If you or someone you know is experiencing any of these symptoms, it is important to seek medical attention immediately. Do not wait to see whether the symptoms worsen. Hydrocodone overdose can be fatal, and early intervention is essential.

Hydrocodone overdose often requires naloxone for treatment. Naloxone is an anti-overdose compound that prevents overdose at the receptor level. Naloxone is a safe and effective treatment for opioid overdose and saves thousands of lives every year.

Hydrocodone Withdrawal 

If a person develops a dependence on hydrocodone and then stops taking it, they may experience withdrawal symptoms. These symptoms can be unpleasant and even dangerous, but they are usually temporary. Some common hydrocodone withdrawal symptoms include:

  • Nausea and vomiting
  • Insomnia
  • Shaking
  • Irritability
  • Excessive sweating
  • Watery eyes and runny nose
  • Anxiety
  • Aching
  • Stomach aches and diarrhea
  • High blood pressure
  • Increased heartbeat

The severity of withdrawal symptoms can vary depending on the person and how long they have been taking hydrocodone. If you are experiencing hydrocodone withdrawal symptoms, it is important to seek medical help.

Hydrocodone Withdrawal Timeline

The timeline for hydrocodone withdrawal can vary depending on a number of factors, including:

  • Age: Younger people tend to experience withdrawal symptoms more quickly than older people.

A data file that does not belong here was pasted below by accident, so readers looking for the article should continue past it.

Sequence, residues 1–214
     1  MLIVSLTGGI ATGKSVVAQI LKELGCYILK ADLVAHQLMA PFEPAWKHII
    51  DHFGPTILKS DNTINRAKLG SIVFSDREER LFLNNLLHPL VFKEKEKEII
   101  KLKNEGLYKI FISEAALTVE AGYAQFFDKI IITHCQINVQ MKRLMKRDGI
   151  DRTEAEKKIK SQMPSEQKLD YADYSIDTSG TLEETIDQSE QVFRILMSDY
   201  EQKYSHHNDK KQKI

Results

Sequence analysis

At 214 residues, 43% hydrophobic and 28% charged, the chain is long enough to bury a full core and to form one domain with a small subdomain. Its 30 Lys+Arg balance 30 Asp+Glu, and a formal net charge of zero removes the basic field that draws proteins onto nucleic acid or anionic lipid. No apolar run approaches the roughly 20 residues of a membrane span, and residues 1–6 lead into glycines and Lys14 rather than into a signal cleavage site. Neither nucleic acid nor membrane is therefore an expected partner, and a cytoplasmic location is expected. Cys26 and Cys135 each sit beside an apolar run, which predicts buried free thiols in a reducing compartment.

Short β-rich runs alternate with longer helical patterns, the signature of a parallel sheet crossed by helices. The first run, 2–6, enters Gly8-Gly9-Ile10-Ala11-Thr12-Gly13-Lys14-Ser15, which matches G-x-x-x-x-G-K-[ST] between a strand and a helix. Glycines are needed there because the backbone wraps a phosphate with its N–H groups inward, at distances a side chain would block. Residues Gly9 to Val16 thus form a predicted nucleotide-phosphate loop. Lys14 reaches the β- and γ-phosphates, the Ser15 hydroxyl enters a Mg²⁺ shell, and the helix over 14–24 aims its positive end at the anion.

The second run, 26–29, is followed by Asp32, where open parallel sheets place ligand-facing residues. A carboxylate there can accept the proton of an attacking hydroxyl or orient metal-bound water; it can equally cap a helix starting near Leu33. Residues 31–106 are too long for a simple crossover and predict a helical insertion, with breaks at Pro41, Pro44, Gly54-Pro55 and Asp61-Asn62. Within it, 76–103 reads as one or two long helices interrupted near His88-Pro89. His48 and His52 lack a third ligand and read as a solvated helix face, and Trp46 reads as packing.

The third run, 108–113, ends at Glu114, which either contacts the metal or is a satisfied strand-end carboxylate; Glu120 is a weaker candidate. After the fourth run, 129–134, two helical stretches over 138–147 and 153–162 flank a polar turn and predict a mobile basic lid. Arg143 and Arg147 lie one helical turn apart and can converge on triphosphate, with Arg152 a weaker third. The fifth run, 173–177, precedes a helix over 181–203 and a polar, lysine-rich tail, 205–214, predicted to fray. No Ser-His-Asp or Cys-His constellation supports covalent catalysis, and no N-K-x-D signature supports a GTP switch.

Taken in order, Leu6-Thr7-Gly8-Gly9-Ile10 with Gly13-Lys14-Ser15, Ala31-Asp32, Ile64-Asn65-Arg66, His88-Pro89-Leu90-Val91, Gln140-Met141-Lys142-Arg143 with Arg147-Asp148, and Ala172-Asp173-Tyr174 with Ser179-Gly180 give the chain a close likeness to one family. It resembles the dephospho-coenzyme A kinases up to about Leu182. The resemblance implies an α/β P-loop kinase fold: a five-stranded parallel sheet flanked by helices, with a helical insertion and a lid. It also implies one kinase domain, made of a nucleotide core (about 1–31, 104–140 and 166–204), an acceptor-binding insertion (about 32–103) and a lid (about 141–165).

• Height: Taller people tend to have a longer withdrawal period than shorter people.
  • Body weight: People with more body fat tend to have a longer withdrawal period than people with less body fat.
  • Genetics: Some people are more sensitive to withdrawal symptoms than others.
  • Health of the kidney and liver: People with kidney or liver problems may have a longer withdrawal period.
  • Metabolism: People with a fast metabolism tend to have a shorter withdrawal period than people with a slow metabolism.
  • Frequency of use: People who use hydrocodone more often tend to have a longer withdrawal period than people who use it less often.
  • Dosage: People who take higher doses of hydrocodone tend to have a longer withdrawal period than people who take lower doses.

The most severe physical withdrawal symptoms peak within the first five days or so while the body experiences sweating, vomiting and diarrhea. Psychological withdrawal symptoms from hydrocodone can last for a month or longer, even after physical withdrawal symptoms end. These symptoms can include anxiety, irritability, mood swings and depression.

Hydrocodone Headache

Headaches are a common withdrawal symptom from opioids, and hydrocodone is no different. The type of headache a person experiences during withdrawal can vary, but some common types include:

  • Tension headaches: These headaches are often caused by the emotional and psychological symptoms of withdrawal, such as anxiety, irritability and depression.
  • Migraines: These headaches are associated with a lack of dopamine production, which is a neurotransmitter that plays a role in mood and pain perception.